IEEE Tutorial Course Advancements in Microprocessor Based Protection and Communication

22 Aug 1996
Primary Committee:
Power Engineering Education Committee
Sponsored by: System Relaying Committee
Page/Slide Count:
Pages: 133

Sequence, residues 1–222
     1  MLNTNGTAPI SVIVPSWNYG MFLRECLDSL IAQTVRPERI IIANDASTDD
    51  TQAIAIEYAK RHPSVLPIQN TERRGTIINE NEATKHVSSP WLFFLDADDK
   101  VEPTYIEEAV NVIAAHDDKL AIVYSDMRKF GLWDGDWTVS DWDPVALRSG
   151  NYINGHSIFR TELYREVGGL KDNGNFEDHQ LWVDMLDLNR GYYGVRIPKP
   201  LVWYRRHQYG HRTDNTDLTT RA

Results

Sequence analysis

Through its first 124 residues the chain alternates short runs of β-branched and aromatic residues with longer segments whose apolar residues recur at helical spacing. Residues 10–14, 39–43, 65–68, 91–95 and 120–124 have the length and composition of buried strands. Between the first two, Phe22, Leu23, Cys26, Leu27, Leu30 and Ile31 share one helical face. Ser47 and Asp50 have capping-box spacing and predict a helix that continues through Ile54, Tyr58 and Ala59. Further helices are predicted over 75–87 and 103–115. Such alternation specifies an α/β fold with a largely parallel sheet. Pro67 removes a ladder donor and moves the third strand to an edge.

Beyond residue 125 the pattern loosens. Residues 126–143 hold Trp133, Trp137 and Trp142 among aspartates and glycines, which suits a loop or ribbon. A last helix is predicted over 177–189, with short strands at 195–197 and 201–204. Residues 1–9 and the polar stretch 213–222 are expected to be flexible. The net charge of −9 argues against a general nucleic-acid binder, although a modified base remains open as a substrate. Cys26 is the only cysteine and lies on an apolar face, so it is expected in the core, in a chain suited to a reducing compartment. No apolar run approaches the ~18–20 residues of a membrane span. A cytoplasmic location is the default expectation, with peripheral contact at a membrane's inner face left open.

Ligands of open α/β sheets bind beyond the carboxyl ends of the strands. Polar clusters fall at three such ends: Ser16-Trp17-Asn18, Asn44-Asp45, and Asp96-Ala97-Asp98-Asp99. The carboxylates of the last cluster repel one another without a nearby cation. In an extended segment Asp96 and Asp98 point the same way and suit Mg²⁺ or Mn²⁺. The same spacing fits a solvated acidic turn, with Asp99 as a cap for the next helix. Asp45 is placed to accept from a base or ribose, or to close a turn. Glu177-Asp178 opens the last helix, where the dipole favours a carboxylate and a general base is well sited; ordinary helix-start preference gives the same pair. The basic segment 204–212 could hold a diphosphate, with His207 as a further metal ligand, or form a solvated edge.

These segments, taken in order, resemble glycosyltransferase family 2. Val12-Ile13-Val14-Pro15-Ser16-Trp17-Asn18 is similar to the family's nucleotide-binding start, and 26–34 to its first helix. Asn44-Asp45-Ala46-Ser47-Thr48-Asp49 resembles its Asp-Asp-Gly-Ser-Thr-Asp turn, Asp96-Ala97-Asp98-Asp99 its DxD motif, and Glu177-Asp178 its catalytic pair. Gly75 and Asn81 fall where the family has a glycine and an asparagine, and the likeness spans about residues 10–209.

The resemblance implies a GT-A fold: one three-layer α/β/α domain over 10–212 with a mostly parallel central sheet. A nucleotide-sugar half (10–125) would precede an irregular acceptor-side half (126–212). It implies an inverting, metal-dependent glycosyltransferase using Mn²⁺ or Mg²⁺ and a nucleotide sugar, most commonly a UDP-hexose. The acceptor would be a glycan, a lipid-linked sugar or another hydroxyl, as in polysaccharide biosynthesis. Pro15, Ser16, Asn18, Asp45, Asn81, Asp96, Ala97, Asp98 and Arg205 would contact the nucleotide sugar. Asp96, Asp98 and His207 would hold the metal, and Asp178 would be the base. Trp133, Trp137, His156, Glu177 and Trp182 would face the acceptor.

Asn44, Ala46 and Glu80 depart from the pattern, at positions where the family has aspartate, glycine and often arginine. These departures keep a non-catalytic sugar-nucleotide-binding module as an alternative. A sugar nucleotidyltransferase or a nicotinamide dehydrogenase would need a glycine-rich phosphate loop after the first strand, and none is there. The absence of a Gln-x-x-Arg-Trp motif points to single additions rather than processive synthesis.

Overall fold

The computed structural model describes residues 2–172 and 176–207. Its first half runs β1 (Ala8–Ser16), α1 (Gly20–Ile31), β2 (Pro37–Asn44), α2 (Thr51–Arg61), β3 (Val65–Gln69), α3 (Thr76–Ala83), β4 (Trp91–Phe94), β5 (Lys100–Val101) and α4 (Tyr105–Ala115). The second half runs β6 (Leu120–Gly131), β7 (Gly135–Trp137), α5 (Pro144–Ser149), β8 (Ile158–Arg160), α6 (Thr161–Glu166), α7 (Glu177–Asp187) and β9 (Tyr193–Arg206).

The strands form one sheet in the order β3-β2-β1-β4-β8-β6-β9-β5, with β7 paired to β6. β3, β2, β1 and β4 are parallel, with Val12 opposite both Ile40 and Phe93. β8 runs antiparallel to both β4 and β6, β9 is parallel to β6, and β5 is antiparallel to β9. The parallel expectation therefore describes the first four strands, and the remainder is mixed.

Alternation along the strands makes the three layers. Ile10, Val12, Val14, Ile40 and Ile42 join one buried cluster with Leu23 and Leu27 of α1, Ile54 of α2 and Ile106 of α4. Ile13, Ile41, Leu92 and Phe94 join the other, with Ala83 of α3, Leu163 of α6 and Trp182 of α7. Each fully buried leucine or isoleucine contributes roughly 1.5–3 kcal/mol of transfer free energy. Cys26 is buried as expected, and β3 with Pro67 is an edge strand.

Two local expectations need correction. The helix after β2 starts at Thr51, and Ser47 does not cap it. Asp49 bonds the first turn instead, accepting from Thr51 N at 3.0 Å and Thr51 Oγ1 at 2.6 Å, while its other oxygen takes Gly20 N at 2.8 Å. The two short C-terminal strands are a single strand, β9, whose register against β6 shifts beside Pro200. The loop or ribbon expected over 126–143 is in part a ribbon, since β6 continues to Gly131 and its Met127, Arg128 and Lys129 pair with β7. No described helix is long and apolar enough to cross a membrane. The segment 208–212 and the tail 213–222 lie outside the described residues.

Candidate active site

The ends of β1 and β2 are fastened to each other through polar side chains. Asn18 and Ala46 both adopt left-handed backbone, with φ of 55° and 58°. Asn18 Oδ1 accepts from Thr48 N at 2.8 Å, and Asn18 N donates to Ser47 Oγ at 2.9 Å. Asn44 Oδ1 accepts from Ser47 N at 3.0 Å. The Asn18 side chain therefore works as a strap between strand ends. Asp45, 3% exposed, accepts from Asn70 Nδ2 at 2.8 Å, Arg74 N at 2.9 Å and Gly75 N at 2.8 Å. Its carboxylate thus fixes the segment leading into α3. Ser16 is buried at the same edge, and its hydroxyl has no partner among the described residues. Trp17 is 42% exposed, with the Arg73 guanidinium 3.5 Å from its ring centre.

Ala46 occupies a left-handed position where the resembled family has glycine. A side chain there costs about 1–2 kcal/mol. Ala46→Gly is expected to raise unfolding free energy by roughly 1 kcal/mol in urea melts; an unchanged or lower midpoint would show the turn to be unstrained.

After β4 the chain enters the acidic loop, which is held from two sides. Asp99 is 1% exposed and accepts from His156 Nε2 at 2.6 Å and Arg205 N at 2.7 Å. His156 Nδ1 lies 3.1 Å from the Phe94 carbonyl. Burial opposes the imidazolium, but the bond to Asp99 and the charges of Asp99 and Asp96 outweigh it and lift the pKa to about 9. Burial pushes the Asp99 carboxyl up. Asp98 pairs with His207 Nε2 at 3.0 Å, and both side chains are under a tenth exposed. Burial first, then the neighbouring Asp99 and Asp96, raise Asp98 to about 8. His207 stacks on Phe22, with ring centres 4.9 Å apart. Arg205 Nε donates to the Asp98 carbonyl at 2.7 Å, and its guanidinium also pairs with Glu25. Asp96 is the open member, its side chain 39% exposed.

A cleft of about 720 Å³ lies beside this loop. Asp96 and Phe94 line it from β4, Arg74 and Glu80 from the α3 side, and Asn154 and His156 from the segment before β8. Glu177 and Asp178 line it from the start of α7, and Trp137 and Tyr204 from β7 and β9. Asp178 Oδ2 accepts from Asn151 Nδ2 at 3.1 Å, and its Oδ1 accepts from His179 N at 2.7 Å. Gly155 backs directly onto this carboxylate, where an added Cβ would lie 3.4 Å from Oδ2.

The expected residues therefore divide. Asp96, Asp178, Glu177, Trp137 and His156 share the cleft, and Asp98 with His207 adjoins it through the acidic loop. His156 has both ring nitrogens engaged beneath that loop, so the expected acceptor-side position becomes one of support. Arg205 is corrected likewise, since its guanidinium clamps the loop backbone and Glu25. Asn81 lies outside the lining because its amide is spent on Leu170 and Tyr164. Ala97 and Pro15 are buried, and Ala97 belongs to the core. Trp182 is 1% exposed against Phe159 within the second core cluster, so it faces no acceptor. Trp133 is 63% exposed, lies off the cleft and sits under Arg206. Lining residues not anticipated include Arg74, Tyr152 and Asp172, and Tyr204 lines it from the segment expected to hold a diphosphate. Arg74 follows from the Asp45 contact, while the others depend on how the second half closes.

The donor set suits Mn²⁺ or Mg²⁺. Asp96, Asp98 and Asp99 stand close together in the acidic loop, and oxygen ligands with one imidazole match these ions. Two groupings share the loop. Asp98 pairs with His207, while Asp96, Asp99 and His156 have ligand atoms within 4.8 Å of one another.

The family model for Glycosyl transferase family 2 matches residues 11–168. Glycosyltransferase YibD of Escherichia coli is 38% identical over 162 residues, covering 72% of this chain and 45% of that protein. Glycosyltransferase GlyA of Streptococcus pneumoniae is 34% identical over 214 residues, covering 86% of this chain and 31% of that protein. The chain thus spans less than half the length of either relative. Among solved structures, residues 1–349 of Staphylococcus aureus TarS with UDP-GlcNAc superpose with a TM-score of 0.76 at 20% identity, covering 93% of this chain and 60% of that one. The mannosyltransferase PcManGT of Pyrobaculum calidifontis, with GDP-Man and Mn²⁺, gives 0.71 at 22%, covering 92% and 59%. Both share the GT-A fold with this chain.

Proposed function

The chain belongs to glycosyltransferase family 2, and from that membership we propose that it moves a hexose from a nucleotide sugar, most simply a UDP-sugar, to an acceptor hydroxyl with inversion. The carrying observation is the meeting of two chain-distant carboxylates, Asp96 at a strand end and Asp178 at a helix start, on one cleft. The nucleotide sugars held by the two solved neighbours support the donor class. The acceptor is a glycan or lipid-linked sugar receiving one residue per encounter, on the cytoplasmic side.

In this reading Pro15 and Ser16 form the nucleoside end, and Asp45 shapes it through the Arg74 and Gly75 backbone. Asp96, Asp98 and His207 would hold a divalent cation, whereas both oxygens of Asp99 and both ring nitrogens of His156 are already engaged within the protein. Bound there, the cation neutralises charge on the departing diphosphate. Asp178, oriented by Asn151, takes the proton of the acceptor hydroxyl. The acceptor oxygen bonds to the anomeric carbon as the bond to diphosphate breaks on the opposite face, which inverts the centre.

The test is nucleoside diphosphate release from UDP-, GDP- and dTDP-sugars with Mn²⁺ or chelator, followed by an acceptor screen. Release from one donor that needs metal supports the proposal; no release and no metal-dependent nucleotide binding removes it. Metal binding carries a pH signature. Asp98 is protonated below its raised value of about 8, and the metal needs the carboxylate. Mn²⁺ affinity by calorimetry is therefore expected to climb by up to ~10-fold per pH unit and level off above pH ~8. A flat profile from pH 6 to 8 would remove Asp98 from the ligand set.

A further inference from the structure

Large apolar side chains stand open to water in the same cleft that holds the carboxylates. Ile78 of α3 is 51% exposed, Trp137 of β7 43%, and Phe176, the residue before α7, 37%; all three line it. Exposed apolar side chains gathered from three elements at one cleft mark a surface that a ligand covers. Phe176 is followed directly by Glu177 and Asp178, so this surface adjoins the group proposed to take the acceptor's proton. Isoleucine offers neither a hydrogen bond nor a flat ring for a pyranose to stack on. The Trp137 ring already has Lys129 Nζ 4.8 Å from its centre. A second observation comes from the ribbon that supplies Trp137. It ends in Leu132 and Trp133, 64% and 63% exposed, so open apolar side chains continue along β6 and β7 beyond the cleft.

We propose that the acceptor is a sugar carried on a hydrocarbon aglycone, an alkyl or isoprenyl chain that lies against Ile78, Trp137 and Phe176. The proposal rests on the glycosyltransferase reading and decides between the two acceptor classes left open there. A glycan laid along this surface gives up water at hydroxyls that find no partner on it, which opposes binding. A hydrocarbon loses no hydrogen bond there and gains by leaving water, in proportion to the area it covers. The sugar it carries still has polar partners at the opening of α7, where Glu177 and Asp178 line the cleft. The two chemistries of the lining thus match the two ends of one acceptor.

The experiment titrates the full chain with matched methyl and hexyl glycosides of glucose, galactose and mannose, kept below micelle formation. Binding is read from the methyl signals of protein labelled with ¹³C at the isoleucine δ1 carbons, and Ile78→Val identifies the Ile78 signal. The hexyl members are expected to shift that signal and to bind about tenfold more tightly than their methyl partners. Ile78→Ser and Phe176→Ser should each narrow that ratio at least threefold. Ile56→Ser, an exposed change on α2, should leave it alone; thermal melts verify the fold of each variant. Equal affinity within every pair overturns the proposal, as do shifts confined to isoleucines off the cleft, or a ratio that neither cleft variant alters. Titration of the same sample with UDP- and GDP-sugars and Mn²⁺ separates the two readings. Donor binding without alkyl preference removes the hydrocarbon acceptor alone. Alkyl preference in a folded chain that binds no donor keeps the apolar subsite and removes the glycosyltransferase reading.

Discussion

FOREWORD Digital hardware was being used in commercial products as early as mid 1970's. While its application in power system protection and control started in late 1970's, the use was limited to a few applications because of the cost of the products offered was not favorable when compared to the cost of analog devices which had been in the market for a long time. At that time, most applications in power system protection were of an experimental nature and were developed around the class of computer that were then known as mini-computers. Considerable pioneering work in digital relaying was done in the late 1960's and 1970's. In 1971 the Power System Relaying Committee (PSRC) of the IEEE established a Computer Relaying Subcommittee. Several engineers working for utilities, manufacturers, and universities participated in the activities of this Subcommittee. With the approval of the PSRC and the blessings of its Chair, Stan Horowitz, the Subcommittee developed a tutorial, "Computer Relaying" that was offered in New York and Vancouver (Canada) in 1979. Eight members of the Subcommittee participated in preparing and offering the tutorial. Since most of the work at that stage was of experimental nature the objective was to make protection engineers aware of the upcoming techniques and devices and their strengths and weaknesses. The introduction of 8-bit microprocessor chips got the area of digital relaying started in a big way. (The area is mostly referred to as microprocessor based relaying.) New techniques of handling data and newer ways to monitor, protect and control power systems started to emerge as engineers realized the potential of the new technology. Several relays which used digital controllers and many others which used microprocessors for processing power system signals started to appear in the market place. The PSRC formed a working group in 1986 for the purpose of preparing a new tutorial that would provide the up to date information on the state of the developments in microprocessor based relays and relay systems. This effort was supported the four out of the seven engineers who participate in the preparation of the first tutorial, and four newer participants. With the dedicated effort of those engineers and, with encouragement and support of Mr. Clayton Griffin the then Chair of the PSRC, the tutorial "Microprocessor Based Relays and Protection Systems" was prepared and offered in New York (NY), Portland (OR), Long Beach (CA), and Atlanta (GA). Both the first and the second tutorial were well received and were very well attended. Since the late 1970's, the microprocessor technology has undergone a "revolution". The speed of processing has increased by more than two orders of magnitude. Special purpose chips for data processing, control, communication and other specialized functions have become easily available. Bulk memory chips have become available and are being used in newer devices. Not only that the performance of the individual devices has improved, newer and more useful architectures have been developed. In addition to the phenomenal increase in the performance, the prices of these devices have decreased by at least two orders of magnitude. The advancements in the hardware and in the digital communications technology has opened new horizons for the power system engineers in general and power system protection engineers in particular. They have made it possible to address the monitoring control and protection problems in a way that was virtually unbelievable only a decade ago. Last year the PSRC decided that it was time to review the advancements in the area of microprocessor based protection and communication techniques used by relays. I was assigned the task of coordinating the preparation of a tutorial that would review the advancements in protection systems. While organizing the development of this tutorial, I fortunate in finding four of the contributors from the 1988 tutorial effort willing to help. In addition, I found five other volunteers for preparing the tutorial text and offering the tutorial at the upcoming IEEE PES meetings. The contributors have worked hard and have put together a package that brings into focus the mathematical techniques, the newer concepts, and the potential of exploiting the emerging technologies. The content of the tutorial is a mix of theoretical developments, practical applications and the directions in which the new technological advances are likely to take us. In addition to the help of the contributors, guidance and encouragement of John Appleyard, Chair of the PSRC made my task much easier. I wish to take this opportunity to thank, on my behalf and on behalf of the PSRC, all the contributors for their effort in completing this task. While I have found this tutorial not only educational, but also stimulating and thought provoking. I hope that participants in the tutorial courses and those who read the course text will also find it beneficial. Mohindar S. Sachdev 1996 - November -01 Download Full Version

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